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Source: CNN

Posted on November 18, 2004

      In the next six years, online sales will grow at a 15 percent compound annual growth rate, says Forrester Research. In the next six years, online sales will more than double from $144 billion in 2004 to $331 billion in 2010. Thirteen percent of all retail sales will be online.

      So, as online shopping becomes a more important part of consumers' lives, it's more important than ever to safeguard your credit card number and your identity. Here are five tips to make sure you're cyber smart.

1. Shop with those you know.

      Make sure to shop with companies you are familiar with. Anyone can set up a shop online under almost any name.

      If you're dealing with a reputable vendor, chances are good the company will take measures to protect your privacy. Make sure there is a privacy policy posted on the Web site and that you fully understand how your personal information will be used.

      Next, ask yourself, will the seller be at the same Web address tomorrow? The Better Business Bureau warns consumers to be wary if the seller's only contact information is a post office box.

      Another good source is Consumers Reports . On their Web site, you'll find its e-ratings and Web site reviews of retailers.

      If you're into online auctions, on eBay's site there is a feedback section, where buyers can comment on those they purchased from. Did they send the item in a timely fashion? Was the item in good condition? Sometimes listening to others is the best resource.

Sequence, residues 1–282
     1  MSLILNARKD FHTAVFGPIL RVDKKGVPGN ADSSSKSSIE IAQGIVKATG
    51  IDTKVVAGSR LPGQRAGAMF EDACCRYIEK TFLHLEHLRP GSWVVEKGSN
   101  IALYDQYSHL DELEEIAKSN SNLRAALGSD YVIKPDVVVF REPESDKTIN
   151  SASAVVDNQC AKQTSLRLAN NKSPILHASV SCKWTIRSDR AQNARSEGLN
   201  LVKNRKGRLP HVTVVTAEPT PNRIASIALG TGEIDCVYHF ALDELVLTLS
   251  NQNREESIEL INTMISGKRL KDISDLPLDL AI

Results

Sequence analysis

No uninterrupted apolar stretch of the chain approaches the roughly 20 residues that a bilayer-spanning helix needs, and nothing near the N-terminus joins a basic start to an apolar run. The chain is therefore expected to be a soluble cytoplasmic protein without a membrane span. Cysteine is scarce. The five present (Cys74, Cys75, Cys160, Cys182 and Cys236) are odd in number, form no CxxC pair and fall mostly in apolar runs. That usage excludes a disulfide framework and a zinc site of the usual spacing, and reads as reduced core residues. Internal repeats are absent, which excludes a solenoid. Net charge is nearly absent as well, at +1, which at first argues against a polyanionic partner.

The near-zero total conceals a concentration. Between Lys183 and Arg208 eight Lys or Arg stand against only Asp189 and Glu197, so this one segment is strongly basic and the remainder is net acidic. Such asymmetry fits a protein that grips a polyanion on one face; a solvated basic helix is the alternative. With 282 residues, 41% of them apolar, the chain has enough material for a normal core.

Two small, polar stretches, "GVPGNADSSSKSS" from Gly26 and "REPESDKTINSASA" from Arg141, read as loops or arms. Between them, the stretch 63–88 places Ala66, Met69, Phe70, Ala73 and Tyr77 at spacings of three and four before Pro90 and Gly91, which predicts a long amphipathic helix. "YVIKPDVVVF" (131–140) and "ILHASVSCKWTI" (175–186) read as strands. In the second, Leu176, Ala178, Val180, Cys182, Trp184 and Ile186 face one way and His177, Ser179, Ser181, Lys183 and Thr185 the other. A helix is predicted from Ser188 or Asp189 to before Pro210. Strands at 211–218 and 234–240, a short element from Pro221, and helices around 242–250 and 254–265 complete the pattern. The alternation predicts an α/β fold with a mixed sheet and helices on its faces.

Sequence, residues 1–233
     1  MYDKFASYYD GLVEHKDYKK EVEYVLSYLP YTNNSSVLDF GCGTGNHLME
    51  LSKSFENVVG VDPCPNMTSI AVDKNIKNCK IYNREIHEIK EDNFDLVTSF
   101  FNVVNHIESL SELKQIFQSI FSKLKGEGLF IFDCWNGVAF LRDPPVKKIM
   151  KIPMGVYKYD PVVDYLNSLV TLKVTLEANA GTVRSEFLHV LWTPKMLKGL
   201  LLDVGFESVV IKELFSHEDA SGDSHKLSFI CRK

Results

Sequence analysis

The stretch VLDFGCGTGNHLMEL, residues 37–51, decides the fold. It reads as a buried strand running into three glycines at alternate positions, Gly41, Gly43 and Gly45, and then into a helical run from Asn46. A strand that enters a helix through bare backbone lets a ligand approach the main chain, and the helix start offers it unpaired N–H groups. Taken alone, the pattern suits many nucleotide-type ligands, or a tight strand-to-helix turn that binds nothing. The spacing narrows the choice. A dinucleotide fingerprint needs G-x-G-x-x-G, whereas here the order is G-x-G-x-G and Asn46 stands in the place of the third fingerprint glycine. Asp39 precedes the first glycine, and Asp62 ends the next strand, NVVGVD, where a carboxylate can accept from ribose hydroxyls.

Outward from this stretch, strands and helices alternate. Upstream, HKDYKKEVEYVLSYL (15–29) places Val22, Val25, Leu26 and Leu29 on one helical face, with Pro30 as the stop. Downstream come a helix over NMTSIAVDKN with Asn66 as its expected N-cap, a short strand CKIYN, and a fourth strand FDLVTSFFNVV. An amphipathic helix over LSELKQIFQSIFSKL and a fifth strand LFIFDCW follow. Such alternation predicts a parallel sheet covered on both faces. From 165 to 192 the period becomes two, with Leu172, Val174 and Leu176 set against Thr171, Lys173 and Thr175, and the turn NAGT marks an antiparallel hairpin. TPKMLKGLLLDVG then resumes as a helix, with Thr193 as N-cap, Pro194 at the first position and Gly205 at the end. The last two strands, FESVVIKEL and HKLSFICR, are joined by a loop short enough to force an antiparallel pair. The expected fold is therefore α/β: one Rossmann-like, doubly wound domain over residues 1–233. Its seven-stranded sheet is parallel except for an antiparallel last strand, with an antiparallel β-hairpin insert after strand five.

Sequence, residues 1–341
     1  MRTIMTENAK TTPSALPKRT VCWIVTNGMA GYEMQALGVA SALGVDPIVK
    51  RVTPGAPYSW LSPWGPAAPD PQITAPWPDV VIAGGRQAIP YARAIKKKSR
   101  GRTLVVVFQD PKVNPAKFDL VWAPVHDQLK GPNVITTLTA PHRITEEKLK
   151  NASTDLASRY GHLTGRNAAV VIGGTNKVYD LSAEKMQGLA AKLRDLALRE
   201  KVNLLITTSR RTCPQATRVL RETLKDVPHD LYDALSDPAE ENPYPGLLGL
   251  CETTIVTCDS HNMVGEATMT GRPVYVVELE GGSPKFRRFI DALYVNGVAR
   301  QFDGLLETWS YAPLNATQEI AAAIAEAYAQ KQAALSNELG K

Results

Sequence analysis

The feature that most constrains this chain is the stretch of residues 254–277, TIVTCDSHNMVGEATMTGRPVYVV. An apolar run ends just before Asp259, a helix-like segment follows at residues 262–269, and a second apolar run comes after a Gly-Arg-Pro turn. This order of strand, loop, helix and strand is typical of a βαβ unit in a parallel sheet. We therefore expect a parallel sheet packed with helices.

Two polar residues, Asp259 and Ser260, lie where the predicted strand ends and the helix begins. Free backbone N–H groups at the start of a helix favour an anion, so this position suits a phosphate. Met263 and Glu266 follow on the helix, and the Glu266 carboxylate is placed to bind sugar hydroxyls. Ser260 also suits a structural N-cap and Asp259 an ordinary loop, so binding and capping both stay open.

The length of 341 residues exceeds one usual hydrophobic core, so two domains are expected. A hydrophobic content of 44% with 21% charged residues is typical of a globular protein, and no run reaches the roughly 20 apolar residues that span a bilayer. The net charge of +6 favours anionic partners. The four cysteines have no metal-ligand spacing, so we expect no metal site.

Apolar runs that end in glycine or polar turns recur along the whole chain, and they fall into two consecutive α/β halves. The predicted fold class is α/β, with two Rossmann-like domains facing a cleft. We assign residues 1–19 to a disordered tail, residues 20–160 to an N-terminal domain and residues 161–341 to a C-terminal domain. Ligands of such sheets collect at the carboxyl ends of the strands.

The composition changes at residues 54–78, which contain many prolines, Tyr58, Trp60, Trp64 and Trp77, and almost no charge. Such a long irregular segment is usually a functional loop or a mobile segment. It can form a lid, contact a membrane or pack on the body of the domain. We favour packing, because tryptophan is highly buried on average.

2. Be secure.

      Before you send any private information over the Internet, make sure you are dealing with a secure Web site. Many retailers use a technology known as SSL or Secure Sockets Layer. This encrypts credit card information sent through cyberspace.

      One hint: if the Web address on the page asking for your credit card information begins with "https:"; instead of "http:"; the technology is in place. Secure Electronic Transaction or SET is another option for securing a Web site. Another way to be sure that you are dealing with a secure Web site is to look for an icon of a locked padlock or an unbroken key at the bottom of the screen.

      If you are still unsure about the site's security, check out the privacy policy that we mentioned earlier. It is here that you will most likely find out more about the company's security technology.

      It also helps if the company has a seal of approval from a privacy enforcement organization such as the Better Business Bureau Online Reliability Seal. Log onto www.bbbonline.org for more information. In addition to the Better Business Bureau, you can also contact the FTC or your state attorney general's office to file a complaint.

3. Be particular with passwords.

      The next step in securing your information is creating a password. When shopping online you may be asked to create a password before placing an order.

      The key here is not to choose a password based on your birth date, telephone number or Social Security number. Try to be a bit more creative by scrambling up letters or numbers that someone cannot trace back to your personal information.

      Once you do shop, you'll want to get details like delivery dates, shipping and handling fees, warranties and return policies from the merchant's Web site. And print out a copy of your online order for your records.